Formula needs as your child grows

The amount of formula a child needs is different than the amount of breast milk a breastfed child needs. Babies tend to need to eat formula less frequently than breast milk, because it takes them longer to digest formula. But how much formula should Baby be getting, exactly?

A good rule of thumb is that babies generally need 2.5 (74 mL) ounces of formula a day per pound of their body weight. This varies, but it’s helpful in case you ever forget how much Baby should be eating. Baby also shouldn’t have more than 32 ounces (.95 L) of formula in a 24-hour period. Of course, these rules change as children age. Here’s some more information about what to expect in terms of formula needs as Baby grows.

Newborn to four weeks old

In their earliest weeks, formula-fed babies need small amounts of formula every few hours, throughout the day and night. This means that if necessary, you might be waking Baby up to feed. As Baby gets close to her one-month birthday, though, you might notice that her hunger starts to follow a more predictable schedule, and that she can consume more formula now at each feeding.

  • Frequency of feeding: Every 2-3 hours
  • Fluid ounces of formula per feeding: 2 to 3 fluid oz (59 – 89 mL)

One month

Continue to feed Baby when you notice her showing early signs of hunger, which include rooting, lip smacking, and bringing her hands to her mouth.

  • Frequency of feeding: Every 3-4 hours
  • Fluid ounces of formula per feeding: 3-4 fluid oz (89 – 118 mL)

Two to three months

Baby‘s stomach capacity will increase, and she will start eating more in the daytime, and sleeping more regularly at night. This means she will start to need fewer nightly feedings (hooray!).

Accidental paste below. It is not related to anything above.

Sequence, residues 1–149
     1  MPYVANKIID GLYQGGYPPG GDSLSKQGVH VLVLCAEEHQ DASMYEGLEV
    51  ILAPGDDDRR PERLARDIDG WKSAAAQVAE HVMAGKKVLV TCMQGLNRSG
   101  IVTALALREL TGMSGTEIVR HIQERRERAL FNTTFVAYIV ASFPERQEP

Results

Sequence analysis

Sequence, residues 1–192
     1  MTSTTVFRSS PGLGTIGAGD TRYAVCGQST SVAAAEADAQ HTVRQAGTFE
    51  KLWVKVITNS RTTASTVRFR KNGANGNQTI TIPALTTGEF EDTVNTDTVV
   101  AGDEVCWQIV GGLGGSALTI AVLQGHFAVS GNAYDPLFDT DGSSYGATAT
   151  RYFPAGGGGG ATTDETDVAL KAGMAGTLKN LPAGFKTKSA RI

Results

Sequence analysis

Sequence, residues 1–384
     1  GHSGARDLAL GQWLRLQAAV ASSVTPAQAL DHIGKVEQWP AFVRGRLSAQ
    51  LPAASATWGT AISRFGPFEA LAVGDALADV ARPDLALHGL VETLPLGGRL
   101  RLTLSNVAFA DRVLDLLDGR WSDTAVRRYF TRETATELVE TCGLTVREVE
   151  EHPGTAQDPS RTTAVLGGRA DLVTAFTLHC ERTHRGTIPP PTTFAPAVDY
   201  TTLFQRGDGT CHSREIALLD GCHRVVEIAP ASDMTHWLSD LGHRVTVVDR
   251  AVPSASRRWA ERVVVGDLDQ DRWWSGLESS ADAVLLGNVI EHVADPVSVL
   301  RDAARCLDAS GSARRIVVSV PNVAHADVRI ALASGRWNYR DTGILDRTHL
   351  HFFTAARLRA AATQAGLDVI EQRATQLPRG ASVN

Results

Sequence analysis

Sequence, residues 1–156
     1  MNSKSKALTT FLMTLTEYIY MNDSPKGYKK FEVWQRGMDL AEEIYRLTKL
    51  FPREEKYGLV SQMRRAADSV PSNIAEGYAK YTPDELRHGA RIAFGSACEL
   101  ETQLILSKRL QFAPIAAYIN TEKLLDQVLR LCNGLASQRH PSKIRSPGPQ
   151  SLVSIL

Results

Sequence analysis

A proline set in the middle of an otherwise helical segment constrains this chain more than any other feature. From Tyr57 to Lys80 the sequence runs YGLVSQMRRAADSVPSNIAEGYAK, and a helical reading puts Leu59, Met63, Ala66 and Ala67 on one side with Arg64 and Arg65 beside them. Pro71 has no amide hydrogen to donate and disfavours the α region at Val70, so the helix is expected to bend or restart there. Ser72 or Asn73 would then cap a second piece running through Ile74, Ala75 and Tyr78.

• Frequency of feeding: Every 3-4 hours
  • Fluid ounces of formula per feeding: 4-5 oz (118 – 148 mL)

Four to five months

Make sure not to force-feed Baby, or encourage her to eat past her hunger. Follow her lead, and know that it’s normal for her to vary her formula intake at each feeding.

  • Frequency of feeding: 6-7 feedings over 24 hours
  • Fluid ounces of formula per feeding: 4-6 oz (118 – 177 mL)

Six to eight months

How much Baby eats at this age depends on whether you’ve started to introduce baby food. Breast milk or formula should still be the main source of food for Baby right now, but if you’ve introduced baby food or finger food, you may see her intake of breast milk or formula start to go down.

  • Frequency of feeding: Every 4-5 hours, or 5 feedings over 24 hours
  • Fluid ounces of formula per feeding: 6-8 oz (177 – 237 mL)

Nine to twelve months

All babies should be fed formula or breast milk for at least a full year, so don’t stop the formula quite yet! Here’s how much formula Baby will need as she gets ready to celebrate her first birthday.

  • Frequency of feeding: 2-3 feedings in 24 hours
  • Fluid ounces (oz.) of formula per feeding: about 8 oz (237 mL) 

Keep in mind that Baby will go through growth spurts, too, and during these times, she might appear more hungry than usual. Growth spurts typically happen when babies are around 7-14 days old, 3-6 weeks old, 4 months, and 6 months old, so if you notice Baby seeming hungrier at these times, you may notice her growing at a faster-than-normal pace.

Guidelines are always helpful, but don’t forget that it’s also important to pay attention to the specific signals that Baby gives when she is hungry and when she is full. She has her own set of needs, meaning that she might want less or more formula at a feeding – and that’s okay. While Baby is this young, watching her for signs of hunger or fullness is the best way to determine how often and how much she needs to eat. You should also speak to Baby‘s pediatrician if you have any questions about her formula needs.


Sources
  • “Formula Feeding FAQs: How much and how often?” KidsHealth.org. Nemours Foundation, 2016. Web.
  • “Commonly Asked Questions about Formula Feeding Your Baby” Mass.gov. Commonwealth of Massachusetts, 2016. Web.
  • “Amount and Schedule of Formula Feedings.” HealthyChildren. American Academy of Pediatrics, 2016. Web.
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